It’s just as well I write this each day because it’s difficult now to remember the order of places and the campsites we’ve had. Now we’re setup in Forsayth I think, “What was the last campsite like?” then I remember we backed onto the Golf Course and were parked next to a group of Dongas or container accommodation. Tonight’s is very different, we’re in a corner spot with only five other caravans in the enclave and plenty of space between each of us.
The road to Forsayth was again a mixture of bitumen and gravel sections, we travel more slowly with the tyres deflated to avoid punctures from rocks. We passed some areas which had enormous boulders balanced atop other boulders but getting a photo was difficult because there was nowhere to pull off the road. I had to employ dirty looks to halt the flow of “Posh Edinburgh” coming from the Prado Pilot!
Forsayth is much smaller than Georgetown but everything is open, the store, pub and service station are all connected. We had lunch at the pub, I had a delicious naked Corned Beef and Salad Wrap ie everything except the Wrap. In the pub was a small display of stunning Agates and around the wall photos telling the history of the pub.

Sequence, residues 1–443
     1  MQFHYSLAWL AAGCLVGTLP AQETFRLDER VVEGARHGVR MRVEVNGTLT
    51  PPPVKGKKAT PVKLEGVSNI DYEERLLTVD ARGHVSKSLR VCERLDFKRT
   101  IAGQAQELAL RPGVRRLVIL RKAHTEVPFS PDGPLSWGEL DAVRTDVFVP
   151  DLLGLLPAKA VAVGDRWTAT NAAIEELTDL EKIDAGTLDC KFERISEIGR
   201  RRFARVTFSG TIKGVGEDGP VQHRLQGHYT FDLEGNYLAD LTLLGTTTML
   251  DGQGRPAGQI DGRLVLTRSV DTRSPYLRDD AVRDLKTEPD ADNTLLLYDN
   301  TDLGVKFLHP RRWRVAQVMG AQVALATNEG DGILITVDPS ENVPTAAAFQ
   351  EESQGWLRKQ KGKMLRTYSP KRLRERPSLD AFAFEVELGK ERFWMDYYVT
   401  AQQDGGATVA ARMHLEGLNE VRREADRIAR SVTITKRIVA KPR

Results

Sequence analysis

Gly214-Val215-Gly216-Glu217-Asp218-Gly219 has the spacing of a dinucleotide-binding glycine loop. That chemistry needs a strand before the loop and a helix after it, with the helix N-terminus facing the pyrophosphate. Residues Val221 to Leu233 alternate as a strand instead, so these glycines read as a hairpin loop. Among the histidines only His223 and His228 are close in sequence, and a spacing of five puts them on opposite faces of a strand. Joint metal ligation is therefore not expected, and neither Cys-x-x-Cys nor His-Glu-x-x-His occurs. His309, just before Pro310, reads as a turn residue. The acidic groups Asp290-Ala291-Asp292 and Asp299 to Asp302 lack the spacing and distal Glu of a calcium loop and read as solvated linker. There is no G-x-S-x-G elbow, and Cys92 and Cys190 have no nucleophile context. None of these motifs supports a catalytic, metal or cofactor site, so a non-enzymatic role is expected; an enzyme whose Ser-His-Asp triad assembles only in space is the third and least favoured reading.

There are some interesting old buildings around the town including the Stationmaster’s house, the Police house, Police cells and the Railway Station. A walk takes you past them and there are information boards along the way.
We walked around the Caschafor Park which had some railway paraphernalia but also carvings in some of the trees. The name Caschafor comes from a combination of three towns in the area, Castleton (formerly O’Donahughes), Charleston (formerly Finnegan’s Camp) and Forsayth ( formerly Charleston) and the Park is a place for community events.
Out of town on Jenkin’s Creek Station is the old Charleston Cemetery, the most recent person buried there was someone who enjoyed fossicking in the area and wanted to be buried with other miners and prospectors.
The river was a real surprise.
A couple of plants that caught my eye today were a beautiful Frangipani and a tree with some very interesting bark.
Tomorrow we move on to a very tiny “town” Einasleigh with only 23 residents, I suspect the number of people in town doubles during the tourist season. We’ve booked in for 2 nights because we could but might be ready to move on after one.